The crowded city streets of Taipei. Shutterstock

The Taipei Slasher

For a fortnight in 1956, the population of Taipei in Taiwan was terrorized by rumors of a crazed slasher roaming the streets, surreptitiously slicing people with a razor blade as he brushed past them, then disappearing into the crowds and teeming throngs of the city. About twenty one victims were reported, mostly poor and poorly educated people from the lower classes.

A typical example was that of an older gentleman who told police that he had been slashed by a stranger. After a medical examination revealed that the injury was caused by a blunt object and could not have resulted from a razor, the “victim” admitted that he did not really know how he had been injured, but assumed that he must have been slashed “because of all the talk going around“.

Another example of a phantom slasher attack was caused by incompetent doctors who examined another older gentleman who showed up with a laceration on his wrist. When the patient casually mentioned that a stranger had brushed against him around the same time that he noticed the bleeding, the doctors put two and two together and came up with nine, attributed the wound to the feared slasher, and contacted police. A followup examination by more competent doctors revealed that the laceration was simply an old wound that had been reopened by scratching.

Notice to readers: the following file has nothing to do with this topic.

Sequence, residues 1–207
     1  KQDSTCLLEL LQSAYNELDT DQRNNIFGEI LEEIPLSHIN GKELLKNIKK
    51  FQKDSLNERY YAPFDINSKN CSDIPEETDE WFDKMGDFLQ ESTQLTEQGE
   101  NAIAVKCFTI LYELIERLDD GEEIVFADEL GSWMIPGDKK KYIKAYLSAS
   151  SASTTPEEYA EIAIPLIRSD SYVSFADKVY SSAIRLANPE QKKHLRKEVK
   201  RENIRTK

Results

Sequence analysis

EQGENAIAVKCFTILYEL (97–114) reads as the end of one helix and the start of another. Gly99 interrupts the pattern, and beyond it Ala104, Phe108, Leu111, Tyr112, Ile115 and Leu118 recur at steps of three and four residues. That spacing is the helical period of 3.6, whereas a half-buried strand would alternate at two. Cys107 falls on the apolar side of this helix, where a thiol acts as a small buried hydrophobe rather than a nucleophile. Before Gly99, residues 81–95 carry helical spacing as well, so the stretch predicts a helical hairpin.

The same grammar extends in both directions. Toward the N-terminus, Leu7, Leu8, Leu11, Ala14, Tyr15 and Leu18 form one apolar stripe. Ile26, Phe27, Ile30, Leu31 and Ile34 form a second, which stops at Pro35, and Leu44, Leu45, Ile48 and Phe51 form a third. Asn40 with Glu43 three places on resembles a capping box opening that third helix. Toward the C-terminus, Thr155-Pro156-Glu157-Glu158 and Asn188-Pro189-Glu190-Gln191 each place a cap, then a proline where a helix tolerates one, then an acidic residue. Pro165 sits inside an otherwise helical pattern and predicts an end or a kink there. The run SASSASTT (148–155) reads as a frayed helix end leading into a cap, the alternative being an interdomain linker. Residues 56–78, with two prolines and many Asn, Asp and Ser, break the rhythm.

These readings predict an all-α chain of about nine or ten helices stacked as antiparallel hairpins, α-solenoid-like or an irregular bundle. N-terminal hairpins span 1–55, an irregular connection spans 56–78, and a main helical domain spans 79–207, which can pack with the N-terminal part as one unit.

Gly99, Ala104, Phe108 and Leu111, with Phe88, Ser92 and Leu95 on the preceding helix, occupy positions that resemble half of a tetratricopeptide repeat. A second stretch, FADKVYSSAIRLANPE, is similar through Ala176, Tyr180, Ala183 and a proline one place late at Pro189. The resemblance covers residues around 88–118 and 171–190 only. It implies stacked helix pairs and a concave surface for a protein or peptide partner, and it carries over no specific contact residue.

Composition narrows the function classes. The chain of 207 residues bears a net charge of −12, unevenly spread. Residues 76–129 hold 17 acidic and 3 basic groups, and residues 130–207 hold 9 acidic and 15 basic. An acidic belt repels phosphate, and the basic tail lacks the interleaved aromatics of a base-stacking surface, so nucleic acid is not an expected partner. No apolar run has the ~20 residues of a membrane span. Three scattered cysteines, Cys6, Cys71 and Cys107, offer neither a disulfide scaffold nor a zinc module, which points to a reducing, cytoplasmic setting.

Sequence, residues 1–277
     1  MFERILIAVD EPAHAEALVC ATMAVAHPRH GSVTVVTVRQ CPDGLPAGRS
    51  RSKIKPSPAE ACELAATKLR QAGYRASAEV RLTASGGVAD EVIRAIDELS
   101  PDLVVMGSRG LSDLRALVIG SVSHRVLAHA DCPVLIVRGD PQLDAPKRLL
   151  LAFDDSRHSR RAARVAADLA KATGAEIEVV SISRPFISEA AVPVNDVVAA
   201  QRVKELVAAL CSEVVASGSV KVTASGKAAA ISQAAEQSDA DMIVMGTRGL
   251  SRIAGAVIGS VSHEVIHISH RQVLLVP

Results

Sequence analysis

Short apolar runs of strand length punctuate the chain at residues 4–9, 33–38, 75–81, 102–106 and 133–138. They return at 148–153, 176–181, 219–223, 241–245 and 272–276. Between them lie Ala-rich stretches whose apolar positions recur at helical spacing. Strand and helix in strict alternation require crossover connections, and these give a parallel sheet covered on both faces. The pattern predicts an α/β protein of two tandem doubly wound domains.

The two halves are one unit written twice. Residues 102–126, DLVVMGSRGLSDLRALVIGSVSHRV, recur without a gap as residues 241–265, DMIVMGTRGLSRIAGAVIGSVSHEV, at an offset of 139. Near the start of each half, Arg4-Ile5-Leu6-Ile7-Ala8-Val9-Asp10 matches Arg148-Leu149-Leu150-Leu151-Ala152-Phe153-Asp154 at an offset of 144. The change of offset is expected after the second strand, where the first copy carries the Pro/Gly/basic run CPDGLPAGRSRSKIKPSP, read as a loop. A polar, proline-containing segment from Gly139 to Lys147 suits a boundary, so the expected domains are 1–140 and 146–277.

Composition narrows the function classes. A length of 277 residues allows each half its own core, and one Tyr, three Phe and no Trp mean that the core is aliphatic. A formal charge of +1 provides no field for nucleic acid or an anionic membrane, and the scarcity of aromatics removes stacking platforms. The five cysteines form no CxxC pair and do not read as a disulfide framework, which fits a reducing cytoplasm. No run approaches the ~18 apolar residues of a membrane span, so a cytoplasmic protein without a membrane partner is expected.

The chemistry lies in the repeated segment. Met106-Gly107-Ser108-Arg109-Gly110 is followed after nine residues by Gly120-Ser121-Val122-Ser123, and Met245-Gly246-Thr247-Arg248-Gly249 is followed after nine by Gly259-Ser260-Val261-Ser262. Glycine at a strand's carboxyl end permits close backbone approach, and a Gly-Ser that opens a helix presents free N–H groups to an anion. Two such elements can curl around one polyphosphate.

In reality, there had never been a slasher, but simply a mass delusion or hysteria, amplified by sensationalist press reporting. After thorough investigation, police concluded that the “victims” had simply suffered the kinds of everyday accidental cuts and slight injuries that most people endure from time to time without hardly noticing. In the fevered atmosphere of the slasher scare, people simply attributed any rip in their clothes or scratch on their bodies to a surreptitious attack from the imaginary slasher. As the final report of the police investigation put it, out of twenty one reported “victims” of the crazed slasher: “five were innocent false reports, seven were self-inflicted cuts, eight were due to cuts other than razors, and one was a complete fantasy“.